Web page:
UPDATE (5:30 p.m., May 31, 2019) – Sens. Mark Warner and Tim Kaine, both Democrats from Virginia, along with Rep. Morgan Griffith (R-VA 9th District), have sent letters to President Trump’s administration in response to the proposed closure of the Flatwoods Jobs corps Civilian Center in Coeburn.
“Closing these facilities will negatively affect the communities they serve, most of which are low-income urban and rural areas,” they wrote.
You can read the full letter below.
ORIGINAL STORY: A Virginia job corps center previously managed by the USDA could soon be up for deactivation.
The United States Department of Labor has accepted a letter from the USDA, saying the Forest Service will withdraw from operating Job Corps Civilian Conservation Centers (CCC).
The Labor Department announced the letter was accepted on Friday, May 24.
According to a press release from Appalachian Voices, an environment organization based out of Boone, North Carolina, the Department of Labor published the notice for closures on Thursday in the Federal Register for nine CCCs, including Flatwoods Job Corps in Coeburn, Virginia.
The organization said in the release this is believed to be the biggest federal employee layoff in a decade.
The proposed closure for the CCCs will go through a formal comment period during the month of June. You can submit a comment about the proposal at this link.
According to the Labor Department, 16 CCCs, including one in Bristol, will also be under new management.
Appalachian Voices also provided comments from several leaders and lawmakers from the region speaking out against the proposed closures. The comments are included below
Adam Wells, Regional Director of Community and Economic Development, Appalachian Voices
“The Trump administration is choosing to cut spending in communities where it is needed most, and shows they are totally disconnected with people in rural America. Rather than closing down these job centers, they should be doubling down on successful programs like the one at Flatwoods CCC in Coeburn, which recently wrapped up its first round of solar energy installation training. Instead, they are trying to pull the plug on a good, sustainable economic driver that has served our community for decades.”
Tyler Hughes, Big Stone Gap Town Council member
“It’s incredibly heartbreaking to hear that the Flatwoods Job Corps could be closed. They’ve been instrumental in maintaining the infrastructure needed for our new eco-tourism economy. The loss of the center will have a negative effect that will be felt by all of the communities in Wise County.”
Taysha DeVaughan, President of Southern Appalachian Mountain Stewards, and member of the Virginia Council on Environmental Justice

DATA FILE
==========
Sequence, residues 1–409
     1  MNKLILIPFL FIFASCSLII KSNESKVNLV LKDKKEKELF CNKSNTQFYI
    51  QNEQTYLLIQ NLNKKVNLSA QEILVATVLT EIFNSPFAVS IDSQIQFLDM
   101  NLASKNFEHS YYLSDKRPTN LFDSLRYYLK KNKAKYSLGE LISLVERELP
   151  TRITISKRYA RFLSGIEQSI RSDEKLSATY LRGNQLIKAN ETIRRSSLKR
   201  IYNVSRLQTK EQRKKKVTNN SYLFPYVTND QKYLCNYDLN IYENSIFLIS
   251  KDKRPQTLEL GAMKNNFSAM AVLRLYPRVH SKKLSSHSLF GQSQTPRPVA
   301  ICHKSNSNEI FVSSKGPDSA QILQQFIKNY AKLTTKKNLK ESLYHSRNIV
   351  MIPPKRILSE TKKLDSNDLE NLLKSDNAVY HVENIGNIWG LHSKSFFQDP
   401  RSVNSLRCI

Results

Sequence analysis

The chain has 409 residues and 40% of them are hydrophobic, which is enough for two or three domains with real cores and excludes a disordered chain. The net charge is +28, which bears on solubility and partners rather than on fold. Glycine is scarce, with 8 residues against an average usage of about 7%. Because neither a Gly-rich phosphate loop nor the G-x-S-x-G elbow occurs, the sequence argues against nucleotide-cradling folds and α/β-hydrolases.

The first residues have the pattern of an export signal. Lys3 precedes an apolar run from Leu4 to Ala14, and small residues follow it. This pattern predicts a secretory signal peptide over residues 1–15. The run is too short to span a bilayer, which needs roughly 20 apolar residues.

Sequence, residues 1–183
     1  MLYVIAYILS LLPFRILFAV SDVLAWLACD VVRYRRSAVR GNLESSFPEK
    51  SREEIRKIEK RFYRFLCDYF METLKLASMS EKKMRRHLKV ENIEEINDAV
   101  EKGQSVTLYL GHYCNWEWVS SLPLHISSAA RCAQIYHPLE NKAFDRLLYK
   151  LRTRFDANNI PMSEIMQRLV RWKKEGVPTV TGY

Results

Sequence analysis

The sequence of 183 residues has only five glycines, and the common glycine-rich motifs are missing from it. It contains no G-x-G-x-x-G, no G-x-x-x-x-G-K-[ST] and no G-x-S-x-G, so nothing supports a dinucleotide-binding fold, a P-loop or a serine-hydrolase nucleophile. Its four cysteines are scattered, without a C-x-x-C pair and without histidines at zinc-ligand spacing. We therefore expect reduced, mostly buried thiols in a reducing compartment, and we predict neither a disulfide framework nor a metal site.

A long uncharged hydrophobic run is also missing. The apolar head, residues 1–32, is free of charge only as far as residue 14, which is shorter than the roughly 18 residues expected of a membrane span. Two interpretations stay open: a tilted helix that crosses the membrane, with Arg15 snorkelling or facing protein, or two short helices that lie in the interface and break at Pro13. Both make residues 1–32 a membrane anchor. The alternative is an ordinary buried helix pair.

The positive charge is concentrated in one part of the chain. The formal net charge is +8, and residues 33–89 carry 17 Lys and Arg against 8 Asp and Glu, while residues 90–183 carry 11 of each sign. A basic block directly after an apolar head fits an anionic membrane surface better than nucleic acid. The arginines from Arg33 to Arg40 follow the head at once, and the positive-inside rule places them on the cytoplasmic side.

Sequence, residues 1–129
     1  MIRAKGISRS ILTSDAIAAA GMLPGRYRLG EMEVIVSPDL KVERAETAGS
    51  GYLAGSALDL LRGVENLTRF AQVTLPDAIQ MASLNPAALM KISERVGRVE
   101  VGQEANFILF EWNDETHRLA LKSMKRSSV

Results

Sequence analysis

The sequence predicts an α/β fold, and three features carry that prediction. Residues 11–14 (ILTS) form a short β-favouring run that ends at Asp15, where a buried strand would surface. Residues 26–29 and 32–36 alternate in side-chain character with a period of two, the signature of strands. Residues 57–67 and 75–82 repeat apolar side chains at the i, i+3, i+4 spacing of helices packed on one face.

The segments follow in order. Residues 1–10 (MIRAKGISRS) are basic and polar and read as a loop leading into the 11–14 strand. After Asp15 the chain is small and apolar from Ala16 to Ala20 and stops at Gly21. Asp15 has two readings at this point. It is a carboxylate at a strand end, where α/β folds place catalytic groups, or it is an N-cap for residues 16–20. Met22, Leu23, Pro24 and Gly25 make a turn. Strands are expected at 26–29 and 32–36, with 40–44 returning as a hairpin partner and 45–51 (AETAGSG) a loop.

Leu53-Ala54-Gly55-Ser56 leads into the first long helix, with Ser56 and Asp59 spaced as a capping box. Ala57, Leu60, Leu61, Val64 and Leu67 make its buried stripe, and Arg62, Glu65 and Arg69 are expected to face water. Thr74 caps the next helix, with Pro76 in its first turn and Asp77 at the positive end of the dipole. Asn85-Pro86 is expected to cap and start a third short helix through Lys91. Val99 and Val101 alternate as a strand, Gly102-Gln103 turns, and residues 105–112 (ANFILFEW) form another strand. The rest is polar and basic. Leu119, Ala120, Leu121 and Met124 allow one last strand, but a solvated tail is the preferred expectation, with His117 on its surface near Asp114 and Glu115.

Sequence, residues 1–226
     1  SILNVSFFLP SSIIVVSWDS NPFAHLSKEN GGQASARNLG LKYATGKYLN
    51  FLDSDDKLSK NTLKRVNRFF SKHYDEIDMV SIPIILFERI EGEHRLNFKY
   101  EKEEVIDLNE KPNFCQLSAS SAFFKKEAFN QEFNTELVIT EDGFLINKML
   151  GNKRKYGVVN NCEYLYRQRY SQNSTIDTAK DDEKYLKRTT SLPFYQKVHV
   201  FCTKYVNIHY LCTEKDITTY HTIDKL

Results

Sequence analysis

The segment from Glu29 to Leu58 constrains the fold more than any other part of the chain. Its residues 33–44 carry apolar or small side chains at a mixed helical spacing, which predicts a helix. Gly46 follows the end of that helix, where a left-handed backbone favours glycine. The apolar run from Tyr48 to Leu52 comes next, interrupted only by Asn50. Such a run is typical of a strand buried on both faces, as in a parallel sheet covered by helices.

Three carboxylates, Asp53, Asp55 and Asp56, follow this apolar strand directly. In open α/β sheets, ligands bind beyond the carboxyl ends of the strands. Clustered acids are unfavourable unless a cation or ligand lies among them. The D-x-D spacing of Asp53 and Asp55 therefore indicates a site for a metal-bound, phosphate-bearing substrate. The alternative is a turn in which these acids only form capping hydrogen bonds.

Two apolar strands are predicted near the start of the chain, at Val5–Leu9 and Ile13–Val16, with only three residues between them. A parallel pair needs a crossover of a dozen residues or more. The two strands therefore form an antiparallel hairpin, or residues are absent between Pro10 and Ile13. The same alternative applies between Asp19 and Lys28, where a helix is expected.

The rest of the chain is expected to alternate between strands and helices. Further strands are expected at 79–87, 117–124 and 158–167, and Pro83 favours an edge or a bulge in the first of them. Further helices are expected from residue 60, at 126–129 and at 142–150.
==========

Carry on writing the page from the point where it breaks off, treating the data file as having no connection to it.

“I find the proposed shutdown of the Flatwood Job Corps to be very disappointing. It impacts our community in Coeburn directly. This is a region that is already struggling economically compared to the rest of Virginia and this would be another financial blow to our communities in Wise County. Having a just transition from the decline of coal should include training for skilled type work or labor, and this high-performance center has been serving that exact type of training and job placement for almost a decade.”
Monty Salyer, Executive Director, Wise County Redevelopment & Housing Authority
“I remember as a young boy, some 50 years ago, when the Flatwoods Job Corps came to Coeburn. The program was then and still is vital for so many young men and women without opportunity. In a time when we are expecting people to work for a fair wage, why would we kill a program that is designed to create working people, especially here in the coalfields of Virginia? As the director of the Wise County Redevelopment & Housing Authority, I have seen the overwhelming benefits of this program. Such a closing would have a ripple effect on so many businesses, individuals, and our communities in Wise County. This is a tragedy.”
Jack Kennedy, Wise County Circuit Court Clerk and civic leader
“The job losses, the services utilized and the contribution trainees make to the Jefferson National Forest and other community-related projects will likely not be replaced for at least a generation. Closure will be one more blow to outward migration of our workforce, more stress on local economic conditions and a reduction in the county tax base. It will ultimately be one more blow to the very heart of the central Appalachian mountain economy.”
To learn more about the CCC closures and proposed changes, visit the link below.